The sequence diagram in Figure 3 also illustrates spatial localization of information by diagrammatic representation. This diagram represents the procedural information as to how the first and second stages of the level-2 event selection are carried out by the aforementioned components of the ESS system. The related pieces of this procedural information for each stage of the level-2 selection can be found in the same proximity in the sequence diagram, in that the message-texts relevant to the above information for each of the relevant components of the ESS system lie in the proximity of the thin rectangular box representing the time period during which the component of interest operates. Therefore, in the case of the sequence diagram, the inference leading to the above procedural information is direct, in the sense that the related pieces of this information can be perceived at once by checking the dashed lines that represent the time lines for the relevant components of the ESS system. The above procedural information can also be inferred from the corresponding textual description in the ATDR. However, in this case, the inference leading to the information of interest is indirect, in that it cannot be drawn until the contents of all the sentences in the textual description are checked and the relevant messaging information for each of the components of the ESS is identified.

The above discussion illustrates the spatial localization feature of diagrammatic representations in the cases of the communication and sequence diagrams used in the ATDR. In both of these diagrams, the message-texts used together to infer a conclusion regarding the communication among the different units in the HLT and ESS systems are found in close proximity to each other and also to the units under consideration. The advantage offered by this localization feature is that it substantially facilitates the cognitive process of inferring the information regarding the messaging among the units of the HLT and ESS systems. In contrast, in the textual descriptions of these systems presented in the ATDR, the sentences used together to infer the same messaging information are separated from each other in ways that substantially complicate the inference process.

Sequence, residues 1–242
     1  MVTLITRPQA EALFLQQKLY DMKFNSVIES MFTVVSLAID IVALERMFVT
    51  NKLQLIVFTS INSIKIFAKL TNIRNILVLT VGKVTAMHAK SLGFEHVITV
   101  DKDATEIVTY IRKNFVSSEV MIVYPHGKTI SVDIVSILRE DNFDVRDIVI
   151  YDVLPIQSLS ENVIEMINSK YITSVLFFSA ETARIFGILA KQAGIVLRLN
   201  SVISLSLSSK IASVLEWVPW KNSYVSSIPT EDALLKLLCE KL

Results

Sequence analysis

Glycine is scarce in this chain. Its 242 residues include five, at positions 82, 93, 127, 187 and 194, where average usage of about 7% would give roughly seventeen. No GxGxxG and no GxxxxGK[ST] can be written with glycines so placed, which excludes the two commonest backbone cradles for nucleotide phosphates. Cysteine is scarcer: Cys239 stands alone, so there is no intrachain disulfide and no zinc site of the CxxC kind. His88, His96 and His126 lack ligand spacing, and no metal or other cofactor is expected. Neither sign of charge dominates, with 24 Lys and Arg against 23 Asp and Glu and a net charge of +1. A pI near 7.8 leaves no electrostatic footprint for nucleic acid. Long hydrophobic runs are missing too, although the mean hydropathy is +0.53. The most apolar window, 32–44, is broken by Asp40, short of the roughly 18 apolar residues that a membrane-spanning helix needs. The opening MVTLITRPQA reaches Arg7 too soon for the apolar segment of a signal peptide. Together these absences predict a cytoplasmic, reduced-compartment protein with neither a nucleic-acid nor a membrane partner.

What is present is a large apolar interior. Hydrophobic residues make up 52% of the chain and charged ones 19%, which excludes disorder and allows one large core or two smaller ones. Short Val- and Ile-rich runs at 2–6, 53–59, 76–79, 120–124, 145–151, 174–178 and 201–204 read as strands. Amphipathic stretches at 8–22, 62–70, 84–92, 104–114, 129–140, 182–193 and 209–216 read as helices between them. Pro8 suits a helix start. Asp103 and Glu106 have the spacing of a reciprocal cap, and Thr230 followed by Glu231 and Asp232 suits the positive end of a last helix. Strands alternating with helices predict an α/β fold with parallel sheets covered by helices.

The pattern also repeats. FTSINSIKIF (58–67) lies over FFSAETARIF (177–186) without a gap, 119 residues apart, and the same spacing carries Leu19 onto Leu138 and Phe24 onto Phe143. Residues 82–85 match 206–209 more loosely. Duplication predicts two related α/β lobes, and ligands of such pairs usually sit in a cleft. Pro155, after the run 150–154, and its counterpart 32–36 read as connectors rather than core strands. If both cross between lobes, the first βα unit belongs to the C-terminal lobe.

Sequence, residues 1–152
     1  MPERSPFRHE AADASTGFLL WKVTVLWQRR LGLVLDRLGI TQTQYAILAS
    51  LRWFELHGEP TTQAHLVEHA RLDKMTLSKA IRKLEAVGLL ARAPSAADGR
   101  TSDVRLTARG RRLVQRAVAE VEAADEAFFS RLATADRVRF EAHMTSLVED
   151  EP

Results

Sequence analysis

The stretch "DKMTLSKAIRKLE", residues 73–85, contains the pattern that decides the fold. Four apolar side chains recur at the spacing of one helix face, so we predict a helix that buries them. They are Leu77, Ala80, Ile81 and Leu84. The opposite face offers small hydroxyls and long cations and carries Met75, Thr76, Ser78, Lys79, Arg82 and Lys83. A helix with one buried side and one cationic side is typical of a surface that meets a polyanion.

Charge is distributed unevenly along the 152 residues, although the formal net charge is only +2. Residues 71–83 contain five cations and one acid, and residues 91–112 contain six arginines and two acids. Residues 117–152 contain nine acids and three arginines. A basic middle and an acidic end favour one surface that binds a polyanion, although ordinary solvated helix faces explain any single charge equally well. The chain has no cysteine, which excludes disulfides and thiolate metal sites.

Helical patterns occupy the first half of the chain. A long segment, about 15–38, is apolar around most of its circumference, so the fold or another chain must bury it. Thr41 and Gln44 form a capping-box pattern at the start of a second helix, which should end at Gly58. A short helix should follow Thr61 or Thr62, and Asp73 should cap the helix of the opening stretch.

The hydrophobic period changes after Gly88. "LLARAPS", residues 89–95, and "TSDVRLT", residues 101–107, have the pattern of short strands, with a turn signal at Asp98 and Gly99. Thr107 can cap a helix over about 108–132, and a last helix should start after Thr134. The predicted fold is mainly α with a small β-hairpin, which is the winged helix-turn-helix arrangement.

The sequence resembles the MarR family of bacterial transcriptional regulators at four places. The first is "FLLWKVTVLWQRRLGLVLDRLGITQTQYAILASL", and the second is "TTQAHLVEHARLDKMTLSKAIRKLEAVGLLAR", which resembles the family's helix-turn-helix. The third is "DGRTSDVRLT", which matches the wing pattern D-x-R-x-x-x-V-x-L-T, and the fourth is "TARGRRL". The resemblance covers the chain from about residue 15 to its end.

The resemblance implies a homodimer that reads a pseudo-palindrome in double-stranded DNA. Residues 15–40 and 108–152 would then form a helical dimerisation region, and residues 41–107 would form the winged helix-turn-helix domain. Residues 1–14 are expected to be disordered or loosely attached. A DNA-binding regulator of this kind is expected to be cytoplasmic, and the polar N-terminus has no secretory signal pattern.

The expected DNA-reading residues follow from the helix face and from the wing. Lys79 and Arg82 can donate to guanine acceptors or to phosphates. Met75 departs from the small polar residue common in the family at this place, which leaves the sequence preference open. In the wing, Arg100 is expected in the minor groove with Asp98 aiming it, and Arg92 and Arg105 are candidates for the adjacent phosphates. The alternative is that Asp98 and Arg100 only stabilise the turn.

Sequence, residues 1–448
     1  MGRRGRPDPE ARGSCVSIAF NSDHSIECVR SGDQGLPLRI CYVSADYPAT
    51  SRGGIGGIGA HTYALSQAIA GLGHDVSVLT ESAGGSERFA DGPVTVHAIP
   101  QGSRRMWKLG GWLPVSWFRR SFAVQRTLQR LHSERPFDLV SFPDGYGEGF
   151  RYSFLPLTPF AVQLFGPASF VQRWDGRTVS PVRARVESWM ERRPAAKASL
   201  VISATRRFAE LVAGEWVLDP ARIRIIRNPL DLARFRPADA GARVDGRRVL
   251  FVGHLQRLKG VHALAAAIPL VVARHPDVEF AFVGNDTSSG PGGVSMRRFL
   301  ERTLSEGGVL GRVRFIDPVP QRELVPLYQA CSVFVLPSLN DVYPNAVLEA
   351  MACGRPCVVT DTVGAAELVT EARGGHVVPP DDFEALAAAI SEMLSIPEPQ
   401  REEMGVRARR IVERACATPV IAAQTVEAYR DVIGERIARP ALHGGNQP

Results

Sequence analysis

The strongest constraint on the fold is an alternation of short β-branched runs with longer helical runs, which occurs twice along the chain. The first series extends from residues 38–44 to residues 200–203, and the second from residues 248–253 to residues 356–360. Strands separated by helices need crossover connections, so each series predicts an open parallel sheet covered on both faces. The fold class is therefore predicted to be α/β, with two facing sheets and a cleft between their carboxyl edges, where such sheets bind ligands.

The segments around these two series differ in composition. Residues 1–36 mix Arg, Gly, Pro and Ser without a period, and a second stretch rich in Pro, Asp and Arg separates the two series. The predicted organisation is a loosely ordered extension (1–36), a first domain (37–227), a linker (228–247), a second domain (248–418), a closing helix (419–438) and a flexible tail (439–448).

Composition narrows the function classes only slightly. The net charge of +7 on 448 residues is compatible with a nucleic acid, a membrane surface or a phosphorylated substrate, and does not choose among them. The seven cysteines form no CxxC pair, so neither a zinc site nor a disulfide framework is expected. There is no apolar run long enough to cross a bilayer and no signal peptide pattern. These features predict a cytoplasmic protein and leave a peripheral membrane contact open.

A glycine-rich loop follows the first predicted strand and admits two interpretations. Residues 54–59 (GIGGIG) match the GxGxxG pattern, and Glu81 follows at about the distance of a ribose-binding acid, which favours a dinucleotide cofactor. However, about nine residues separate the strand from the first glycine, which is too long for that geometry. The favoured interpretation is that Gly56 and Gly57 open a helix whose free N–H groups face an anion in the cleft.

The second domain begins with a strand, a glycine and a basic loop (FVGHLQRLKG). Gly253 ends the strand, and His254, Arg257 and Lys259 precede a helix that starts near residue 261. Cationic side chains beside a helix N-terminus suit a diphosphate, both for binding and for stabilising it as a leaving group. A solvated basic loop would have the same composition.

The discussion in this section suggests that by virtue of their representational features, namely, perceptual ease and spatial localization, the communication and sequence diagrams used in the ATDR are better suited for the representation of the HLT and ESS related procedures than their corresponding textual descriptions, even though diagrammatic and textual descriptions are informationally equivalent in this case. It is to be noted that the aforementioned advantages of the SSE diagrams only apply if all the rules and conventions of these diagrams are known to the users of the ATDR. Incidentally, this last point relates to the notion of visual literacy, which Daniel Rothbart has illustrated in the context of the design of experimental instruments. Rothbart has remarked that “[e]xperiments in contemporary research are often depicted through visual language, based on schematic drawings associated with an instrument’s design” and that this requires visual literacy about diagrams, namely, that one must know what the individual symbols stand for in a given diagram in order to extract the relevant information from this diagram (Rothbart 2003, p. 239). In a similar way, the present case study suggests that extracting the procedural information concerning the ATLAS data acquisition system from the diagrams presented in the ATDR requires visual literacy about these diagrams. This point is especially important for the training of newcomers (especially young experimenters) to the ATLAS Collaboration, as these diagrams are also used to train them about the essential features of the ATLAS data acquisition system.

6. Conclusion

In this paper, I have shown that the procedural information represented by the communication and sequence diagrams in the ATDR illustrates how the data selection and acquisition procedures are carried out by means of software and hardware based automated devices in a large-scale HEP experiment. Since the foregoing diagrams of SSE are used in the ATDR to represent experimental procedures, in terms of the content of diagrammatic representations, the present case study differs from much of the recent philosophical studies that have examined various types of diagrams used to represent scientific claims about natural phenomena such as hypotheses, models and mechanisms. The general line of argument in these studies is that in scientific practice there are cases in which diagrammatic representations are more appropriate for scientific explanation and model construction than propositional representations (see, e.g., Perini 2005; Goodwin 2010; Barberousse 2013; Sheredos et al. 2013). Some of these recent studies have explicitly drawn upon the localization feature of diagrammatic representations, as suggested by L&S’s account (see, e.g., Bechtel and Abrahamsen 2005; Jones and Wolkenhauer 2012). Unlike the foregoing studies that are concerned with the epistemic value of using diagrams in representing scientific claims, the present case study suggests that diagrams are more appropriate than texts to represent the procedural information necessary to perform a large-scale HEP experiment, such as the ATLAS and CMS experiments at CERN’s LHC.